Special Use IT in Schools

In addition to the fleets of computers maintained for populations such as students and teachers, schools are places where special purpose computers and peripherals are found. In makerspaces, science laboratories, studios, workshops, and other special teaching spaces, there are computing devices necessary for specialized educational activities. Examples include: 

  • Arduinos—These microcontroller boards are inexpensive and use open-source software, so they are used in makerspaces and similar spaces in which students design and program digital devices.  
  • Robots—There are several organizations that sponsor robotics competitions for students, and these are also popular devices in makerspaces and in science technology engineering and mathematics (STEM) classrooms. IT professionals encounter a wide range of robots in schools as well. Elementary students may use toy-like robots while students in technical schools may use programmed logic control (PLC) devices for mechatronics applications in manufacturing classrooms.  
  • Printers—Much of the printing that happens in schools is high-volume and low-quality. Today, most print jobs in schools are directed to network-connected photocopiers that also serve as scanners. Many schools also provide limited access to color printers for specific purposes. Teachers may find it necessary to print some instructional materials in color, and digital arts classrooms may have printers specialized for printing photographs installed.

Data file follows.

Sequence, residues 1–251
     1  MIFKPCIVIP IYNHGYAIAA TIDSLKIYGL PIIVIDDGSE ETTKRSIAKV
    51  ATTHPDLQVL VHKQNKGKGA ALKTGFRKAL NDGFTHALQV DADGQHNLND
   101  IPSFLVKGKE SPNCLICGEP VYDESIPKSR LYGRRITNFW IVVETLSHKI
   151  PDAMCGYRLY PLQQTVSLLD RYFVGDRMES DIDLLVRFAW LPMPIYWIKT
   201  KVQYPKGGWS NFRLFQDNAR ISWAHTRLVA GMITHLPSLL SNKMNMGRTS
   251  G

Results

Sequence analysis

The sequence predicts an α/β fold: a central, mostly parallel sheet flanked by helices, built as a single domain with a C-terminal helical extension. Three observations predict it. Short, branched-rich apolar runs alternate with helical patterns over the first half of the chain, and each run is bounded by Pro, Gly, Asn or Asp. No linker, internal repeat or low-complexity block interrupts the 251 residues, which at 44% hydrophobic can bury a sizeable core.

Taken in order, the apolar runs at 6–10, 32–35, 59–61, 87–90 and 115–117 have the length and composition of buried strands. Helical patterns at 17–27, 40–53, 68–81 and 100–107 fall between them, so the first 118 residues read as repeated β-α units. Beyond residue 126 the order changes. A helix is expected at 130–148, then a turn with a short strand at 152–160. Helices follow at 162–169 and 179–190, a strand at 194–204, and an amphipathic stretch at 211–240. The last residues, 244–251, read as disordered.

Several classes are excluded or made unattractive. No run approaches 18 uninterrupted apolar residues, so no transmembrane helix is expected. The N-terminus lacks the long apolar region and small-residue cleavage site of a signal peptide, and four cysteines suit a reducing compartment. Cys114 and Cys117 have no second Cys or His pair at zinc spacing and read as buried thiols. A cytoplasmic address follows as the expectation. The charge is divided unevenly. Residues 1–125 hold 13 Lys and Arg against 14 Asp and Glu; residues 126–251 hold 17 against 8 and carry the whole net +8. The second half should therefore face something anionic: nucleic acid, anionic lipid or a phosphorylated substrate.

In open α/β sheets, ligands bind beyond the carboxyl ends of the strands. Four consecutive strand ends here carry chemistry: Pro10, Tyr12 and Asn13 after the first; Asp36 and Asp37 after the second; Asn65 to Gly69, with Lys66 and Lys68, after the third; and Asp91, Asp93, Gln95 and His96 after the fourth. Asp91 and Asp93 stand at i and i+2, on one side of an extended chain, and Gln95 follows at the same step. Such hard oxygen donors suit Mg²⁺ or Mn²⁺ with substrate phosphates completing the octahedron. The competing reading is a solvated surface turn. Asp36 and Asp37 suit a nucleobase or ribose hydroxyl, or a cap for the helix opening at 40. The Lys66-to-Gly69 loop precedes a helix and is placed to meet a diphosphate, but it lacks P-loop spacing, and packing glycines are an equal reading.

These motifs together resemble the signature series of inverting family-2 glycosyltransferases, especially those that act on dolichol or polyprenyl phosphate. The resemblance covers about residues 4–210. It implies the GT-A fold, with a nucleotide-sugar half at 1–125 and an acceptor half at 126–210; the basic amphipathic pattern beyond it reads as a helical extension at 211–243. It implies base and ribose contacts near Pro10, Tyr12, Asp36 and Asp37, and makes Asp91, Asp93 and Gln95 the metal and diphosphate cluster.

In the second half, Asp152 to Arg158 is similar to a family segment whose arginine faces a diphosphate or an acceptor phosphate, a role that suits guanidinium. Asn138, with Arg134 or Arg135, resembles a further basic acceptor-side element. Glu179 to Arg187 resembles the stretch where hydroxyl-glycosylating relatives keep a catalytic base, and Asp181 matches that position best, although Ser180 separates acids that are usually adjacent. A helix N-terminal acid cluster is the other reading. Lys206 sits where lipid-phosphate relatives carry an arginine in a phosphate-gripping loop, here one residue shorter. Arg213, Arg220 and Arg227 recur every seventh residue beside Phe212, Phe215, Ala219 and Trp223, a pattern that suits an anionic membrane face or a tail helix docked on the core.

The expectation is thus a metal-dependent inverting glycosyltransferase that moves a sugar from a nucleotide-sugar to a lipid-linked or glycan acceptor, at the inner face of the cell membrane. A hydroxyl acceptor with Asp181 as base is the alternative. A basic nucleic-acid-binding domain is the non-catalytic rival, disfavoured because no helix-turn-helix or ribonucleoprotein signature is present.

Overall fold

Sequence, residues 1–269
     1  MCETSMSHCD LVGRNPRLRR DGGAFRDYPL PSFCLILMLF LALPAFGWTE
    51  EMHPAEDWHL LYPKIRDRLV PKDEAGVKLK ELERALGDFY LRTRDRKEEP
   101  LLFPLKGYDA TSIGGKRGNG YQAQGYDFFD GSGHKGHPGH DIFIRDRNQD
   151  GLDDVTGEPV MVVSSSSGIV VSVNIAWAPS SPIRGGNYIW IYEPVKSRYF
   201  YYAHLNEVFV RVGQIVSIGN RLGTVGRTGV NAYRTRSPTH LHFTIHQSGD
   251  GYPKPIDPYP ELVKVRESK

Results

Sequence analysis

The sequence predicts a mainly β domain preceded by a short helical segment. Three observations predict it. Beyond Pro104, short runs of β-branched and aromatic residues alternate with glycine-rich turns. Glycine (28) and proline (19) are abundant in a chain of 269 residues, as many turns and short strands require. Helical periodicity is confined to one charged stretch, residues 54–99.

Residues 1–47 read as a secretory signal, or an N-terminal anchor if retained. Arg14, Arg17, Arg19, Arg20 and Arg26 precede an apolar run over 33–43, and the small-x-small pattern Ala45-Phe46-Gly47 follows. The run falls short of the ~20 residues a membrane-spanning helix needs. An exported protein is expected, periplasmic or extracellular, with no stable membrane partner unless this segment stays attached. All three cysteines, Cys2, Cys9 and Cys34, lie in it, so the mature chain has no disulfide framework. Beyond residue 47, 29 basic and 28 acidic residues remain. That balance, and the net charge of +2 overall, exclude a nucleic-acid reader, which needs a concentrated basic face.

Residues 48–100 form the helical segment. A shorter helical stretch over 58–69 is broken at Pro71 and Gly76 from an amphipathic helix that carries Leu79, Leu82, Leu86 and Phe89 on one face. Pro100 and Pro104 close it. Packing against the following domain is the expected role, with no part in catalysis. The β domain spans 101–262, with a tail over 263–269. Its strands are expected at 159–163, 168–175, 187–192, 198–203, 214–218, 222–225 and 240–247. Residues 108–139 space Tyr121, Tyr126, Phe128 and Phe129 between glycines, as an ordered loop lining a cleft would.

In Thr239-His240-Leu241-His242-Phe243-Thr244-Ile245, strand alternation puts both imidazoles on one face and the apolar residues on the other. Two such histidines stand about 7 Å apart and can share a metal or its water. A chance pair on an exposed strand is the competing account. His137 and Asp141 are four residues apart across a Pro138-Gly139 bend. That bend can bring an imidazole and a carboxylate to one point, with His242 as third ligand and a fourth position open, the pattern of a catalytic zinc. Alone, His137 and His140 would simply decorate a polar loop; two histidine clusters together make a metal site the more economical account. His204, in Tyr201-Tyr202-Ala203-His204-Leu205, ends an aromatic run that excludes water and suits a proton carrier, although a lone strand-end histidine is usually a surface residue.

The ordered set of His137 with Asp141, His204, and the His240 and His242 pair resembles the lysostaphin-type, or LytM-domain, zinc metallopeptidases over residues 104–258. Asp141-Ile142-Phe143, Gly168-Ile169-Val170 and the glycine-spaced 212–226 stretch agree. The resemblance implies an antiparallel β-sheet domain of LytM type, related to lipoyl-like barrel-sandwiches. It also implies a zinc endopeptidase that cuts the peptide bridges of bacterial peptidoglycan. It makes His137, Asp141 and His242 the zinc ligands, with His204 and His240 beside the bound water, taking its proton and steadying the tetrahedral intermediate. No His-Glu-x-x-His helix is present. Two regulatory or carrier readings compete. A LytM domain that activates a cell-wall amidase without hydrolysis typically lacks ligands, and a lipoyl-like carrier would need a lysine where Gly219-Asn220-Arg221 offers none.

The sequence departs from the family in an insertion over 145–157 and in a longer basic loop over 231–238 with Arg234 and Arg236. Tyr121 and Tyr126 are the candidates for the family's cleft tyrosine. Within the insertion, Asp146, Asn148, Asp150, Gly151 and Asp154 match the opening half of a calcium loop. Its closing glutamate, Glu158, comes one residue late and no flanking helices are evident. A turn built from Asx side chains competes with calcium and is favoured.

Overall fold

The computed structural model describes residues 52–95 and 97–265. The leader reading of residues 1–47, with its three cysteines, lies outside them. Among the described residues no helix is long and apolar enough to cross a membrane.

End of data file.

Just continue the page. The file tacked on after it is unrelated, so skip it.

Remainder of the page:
• 3-D printers—Students in makerspaces and STEM classrooms are also likely to be gaining experience with additive manufacturing. 
  • Science apparatus—Teachers in science laboratories have adopted many digital data collection tools in recent decades. Interfacing devices allow various probes to be connected to software so that (for example) temperature can be collected and graphed in real time. In addition, familiar devices from the analog laboratory, such as microscopes, are now digital. Combined with a high-resolution display, these microscopes afford more specific instruction by teachers than traditional microscopes and students can capture images to use for more accurate analysis compared to the traditional methods.  
  • Assistive technologies—In order to access their education, some students need very specific hardware or software. Decisions about what assistive technologies are necessary are made on a case-by-case basis and a team of IT professionals, outside consultants, and special educators collaborate to identify, select, and deploy the necessary assistive technologies. In most cases, assistive technologies are for the exclusive use of individual students. They both need the device all of the time and it is unlikely to be needed by others.